The quill was used to scribe important documents in our history and was the sole writing implement up until the 19th century. I personally have incorporated the use of quills in my own novels, but never really knew much about them aside from the basics: they were used to write stuff (duh) and they came from birds (duh).

So, I did a little research to see what I could find on the quill. If you stick around long enough to read several of my posts, you’ll see that I’m a curious person who likes to research odd little things that pop into my head and then share my findings. Was that a collective cheer I heard?

At any rate, the quill…  Yes, it was made of a feather, usually that of a swan or a goose. However, the feathery part was usually completely stripped off so it actually resembled a stick rather than the full plumed sheath most people think of. I guess that’s something to consider the next time I write abut a character brushing their chin with their quill, huh? So, just a feather – sounds easy enough, right? Not so much. You couldn’t just go out, pluck a few feathers and start writing – there was a little more tweaking needed than that.  After all, this was before the 19th century and nothing was easy then.

First of all, there was the feather selection. The most wanted feathers were the largest on the wing and decreased in value as it decreased in size. I’ll refrain from a size reference here (you’re welcome). From there, the feathers were thrust into hot sand to harden the quill, otherwise it would not be hard enough to write with at all.  After the quill was hardened, the tip was cut at an angle and a nib sliced into it. A little bit of ink and you were finally ready to write.

Now, the parchment back then was not the smooth paper we are used to today (Claire Fontaine, I love your silky vellum!). It was typically made of wood pulp that ground down the delicate quill tip. A quick swipe of a blade and the qill was sharp again, but the repeated process of doing this wore it down rather quickly. On average, a quill usually only lasted about five days depending on how often it was used.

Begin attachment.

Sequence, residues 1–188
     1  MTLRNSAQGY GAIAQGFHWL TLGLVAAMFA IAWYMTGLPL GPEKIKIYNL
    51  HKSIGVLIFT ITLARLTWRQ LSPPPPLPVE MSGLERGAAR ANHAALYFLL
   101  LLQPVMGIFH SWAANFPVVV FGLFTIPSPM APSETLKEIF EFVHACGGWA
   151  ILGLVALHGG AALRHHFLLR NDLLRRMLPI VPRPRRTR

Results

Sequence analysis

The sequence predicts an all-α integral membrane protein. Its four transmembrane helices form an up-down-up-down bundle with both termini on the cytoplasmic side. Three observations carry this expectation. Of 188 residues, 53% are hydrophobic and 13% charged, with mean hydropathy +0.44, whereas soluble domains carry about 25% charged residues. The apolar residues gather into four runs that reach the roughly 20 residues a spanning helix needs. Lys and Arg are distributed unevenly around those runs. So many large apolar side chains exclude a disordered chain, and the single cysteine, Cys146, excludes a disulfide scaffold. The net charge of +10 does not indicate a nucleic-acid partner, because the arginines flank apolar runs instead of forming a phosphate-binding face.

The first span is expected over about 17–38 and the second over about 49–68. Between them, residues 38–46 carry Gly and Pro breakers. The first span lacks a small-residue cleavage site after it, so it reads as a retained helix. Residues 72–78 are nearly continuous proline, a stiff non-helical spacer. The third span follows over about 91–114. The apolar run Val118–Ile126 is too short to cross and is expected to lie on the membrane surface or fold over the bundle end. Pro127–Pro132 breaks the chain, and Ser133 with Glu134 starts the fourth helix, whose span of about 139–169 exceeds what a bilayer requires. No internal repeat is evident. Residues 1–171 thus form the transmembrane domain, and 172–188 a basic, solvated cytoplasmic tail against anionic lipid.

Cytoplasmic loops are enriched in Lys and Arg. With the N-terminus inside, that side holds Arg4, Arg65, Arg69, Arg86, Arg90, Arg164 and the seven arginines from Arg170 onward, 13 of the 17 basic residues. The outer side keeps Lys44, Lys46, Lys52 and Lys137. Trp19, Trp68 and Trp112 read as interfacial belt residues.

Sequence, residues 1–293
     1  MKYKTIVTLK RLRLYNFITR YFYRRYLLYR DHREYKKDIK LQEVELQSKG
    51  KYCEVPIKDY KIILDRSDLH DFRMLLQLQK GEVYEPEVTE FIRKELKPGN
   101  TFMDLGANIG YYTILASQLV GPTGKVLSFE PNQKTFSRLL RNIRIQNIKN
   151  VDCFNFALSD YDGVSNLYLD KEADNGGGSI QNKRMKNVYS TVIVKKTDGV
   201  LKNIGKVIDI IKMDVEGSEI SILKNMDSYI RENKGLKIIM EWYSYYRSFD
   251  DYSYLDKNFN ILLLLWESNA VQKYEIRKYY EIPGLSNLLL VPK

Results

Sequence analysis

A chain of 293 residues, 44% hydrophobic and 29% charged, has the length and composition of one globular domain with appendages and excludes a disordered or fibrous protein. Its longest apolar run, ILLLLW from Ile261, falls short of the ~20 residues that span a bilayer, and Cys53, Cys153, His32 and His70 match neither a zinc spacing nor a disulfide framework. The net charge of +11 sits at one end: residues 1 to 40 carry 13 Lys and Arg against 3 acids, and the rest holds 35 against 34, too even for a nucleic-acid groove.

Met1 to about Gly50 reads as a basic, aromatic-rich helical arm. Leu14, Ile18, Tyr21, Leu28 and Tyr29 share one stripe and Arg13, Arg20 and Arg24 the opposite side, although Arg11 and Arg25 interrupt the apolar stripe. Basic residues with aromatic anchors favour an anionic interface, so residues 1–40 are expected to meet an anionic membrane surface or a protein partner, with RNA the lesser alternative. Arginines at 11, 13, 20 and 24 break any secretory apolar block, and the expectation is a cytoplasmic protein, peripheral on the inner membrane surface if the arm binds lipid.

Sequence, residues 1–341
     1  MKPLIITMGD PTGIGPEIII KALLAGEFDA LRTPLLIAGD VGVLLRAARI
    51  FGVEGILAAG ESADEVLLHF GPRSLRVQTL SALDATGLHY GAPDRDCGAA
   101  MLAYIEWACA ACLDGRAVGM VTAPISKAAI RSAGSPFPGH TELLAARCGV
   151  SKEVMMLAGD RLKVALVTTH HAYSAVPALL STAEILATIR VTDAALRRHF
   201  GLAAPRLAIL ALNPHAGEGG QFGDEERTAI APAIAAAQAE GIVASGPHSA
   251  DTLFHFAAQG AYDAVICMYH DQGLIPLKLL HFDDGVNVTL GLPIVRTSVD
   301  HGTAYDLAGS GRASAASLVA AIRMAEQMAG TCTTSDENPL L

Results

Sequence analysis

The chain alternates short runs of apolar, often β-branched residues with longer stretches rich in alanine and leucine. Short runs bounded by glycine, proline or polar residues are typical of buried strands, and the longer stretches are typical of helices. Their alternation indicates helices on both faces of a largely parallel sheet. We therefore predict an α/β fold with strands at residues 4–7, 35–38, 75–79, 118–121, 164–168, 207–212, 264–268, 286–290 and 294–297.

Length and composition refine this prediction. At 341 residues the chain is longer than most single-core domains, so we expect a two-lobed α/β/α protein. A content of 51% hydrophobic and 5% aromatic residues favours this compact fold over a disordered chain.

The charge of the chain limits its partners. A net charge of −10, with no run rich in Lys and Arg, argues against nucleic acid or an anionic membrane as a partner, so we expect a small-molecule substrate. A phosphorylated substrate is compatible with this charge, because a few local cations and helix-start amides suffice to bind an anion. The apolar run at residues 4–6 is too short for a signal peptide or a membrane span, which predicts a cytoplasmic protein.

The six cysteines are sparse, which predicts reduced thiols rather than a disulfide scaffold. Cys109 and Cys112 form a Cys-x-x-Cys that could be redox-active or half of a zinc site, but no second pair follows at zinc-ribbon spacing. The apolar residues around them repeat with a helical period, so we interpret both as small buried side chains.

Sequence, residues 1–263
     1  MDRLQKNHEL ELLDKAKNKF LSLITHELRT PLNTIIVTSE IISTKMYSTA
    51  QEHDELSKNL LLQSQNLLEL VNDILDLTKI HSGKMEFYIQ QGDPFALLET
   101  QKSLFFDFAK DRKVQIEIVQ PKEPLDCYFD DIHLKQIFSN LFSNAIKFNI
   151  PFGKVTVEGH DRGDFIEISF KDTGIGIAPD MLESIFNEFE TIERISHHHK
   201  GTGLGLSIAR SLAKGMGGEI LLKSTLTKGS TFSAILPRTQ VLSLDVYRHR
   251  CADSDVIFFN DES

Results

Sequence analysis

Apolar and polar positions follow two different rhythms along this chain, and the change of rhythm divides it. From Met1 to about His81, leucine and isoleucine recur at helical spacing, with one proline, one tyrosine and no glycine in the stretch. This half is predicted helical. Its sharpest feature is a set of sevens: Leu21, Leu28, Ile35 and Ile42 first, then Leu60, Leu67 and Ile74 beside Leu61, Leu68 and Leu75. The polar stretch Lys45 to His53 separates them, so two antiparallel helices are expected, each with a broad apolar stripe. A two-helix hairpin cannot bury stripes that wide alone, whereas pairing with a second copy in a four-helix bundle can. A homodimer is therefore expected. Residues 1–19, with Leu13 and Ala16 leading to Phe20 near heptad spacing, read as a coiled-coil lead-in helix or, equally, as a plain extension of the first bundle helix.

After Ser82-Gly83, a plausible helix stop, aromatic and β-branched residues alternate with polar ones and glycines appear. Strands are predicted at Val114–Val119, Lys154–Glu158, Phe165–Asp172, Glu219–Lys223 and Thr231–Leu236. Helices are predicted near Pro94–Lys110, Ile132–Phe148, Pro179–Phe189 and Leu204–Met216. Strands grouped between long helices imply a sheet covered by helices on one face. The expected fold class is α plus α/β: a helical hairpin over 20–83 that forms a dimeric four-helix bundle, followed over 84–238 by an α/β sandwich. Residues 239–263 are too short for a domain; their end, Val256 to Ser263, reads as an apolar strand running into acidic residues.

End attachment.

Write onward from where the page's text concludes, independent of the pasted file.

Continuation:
While the idea of having a quill perched in my fingertips while scratching my thoughts on thick parchment is a romantic notion, I think I’ll stick to pens that last months (assuming they don’t get lost in my purse) and a laptop that gives me the fabulous option of cut and paste (and undo).

 

  1. HAH! I figured out how to comment (i.e. I found the registration link).

    So, length matters, the tip matters, how it’s used matters. Nope, nothing Freudian there. XD

  2. Hot sand, huh? Never new that part. I’ve always loved the idea of writing with a quill, sounds so romantic, but like you, I’ll forego the struggles. Have enough already with edit-revise-polish. Love that you’re blogging. I’m following. Lalala!

  3. Hi – Madeline…

    I’m not so much a pen and quill girl, but I do remember my typewriter and carbon paper. 🙂

    So love my computer now.

    Lynn

  4. Thanks so much for swinging by my blog, ladies!! Ash, you crack me up (and I think you’re a lil onto something there…) Jay, I can’t even imagine having to edit with a quill! Lynn, I am right there with you. 🙂

  5. Ash, LOL! Yup, it’s not the size of the pen; it’s what you do with it. (Yeah, uh huh, right.) 🙂

    My brain workds too fast for pens; I need keyboards. (I type 100 wpm, so my thoughts just barely keep up with my fingers. That gets me in trouble more than I care to count.) I’d be in deep doo-doo if I lived 200 years ago.

    Welcome to the blogosphere, Madeline!!

    • Carla, I’m right there with you! Not to mention my chicken scratch writing. I would NEVER know what I wrote!! LOL Sounds like a keyboard is definitely the way to go for a 21st century author. 😉

    • Glad you liked the post 🙂 Trying to come up with a first post was harder than I thought it’d be!! So, seriously, if I finally did this, you have to join me. Just sayin 😉

  6. What a gorgeous photo! And an interesting blog as well. I seem to remember reading references to “mending my pen” — wonder if those were talking about quills or the later pens which were made of — what? Now you’ve got me contemplating a research hunt . . .

    • It’s way more romantic to think of them with full plume, not so much with stick-like quills. LOL Interesting question about Jane Austen and what she wrote with – part of me wants to guess a quill for traditionalism, the other part wants to guess pen (because aren’t we authors always looking for the latest and greatest ways to get our ideas on paper?). Thanks for stopping by!! 🙂

  7. Wow! Only five days? I think I’m with you and will stick to my pen. (My favorite is 15 years old and given to me by my groom on college graduation day.)

    Great blog!

    I’ve added you to my favorites list! 🙂

    • That’s sweet that you still have the pen your hubby gave you 🙂 (definitely a little more life in that than a quill! LOL) Thanks for adding me to your favorites list!! 🙂

  8. Love the info on quills!! Now I’ll rethink my image of Mr Darcy writing his note to Elizabeth Bennett!!!!

  9. I learn something new every day. Thanks, MMM!

    P.S. Not sure if I should be proud or scared that I’m the only dude on here?!? 😮

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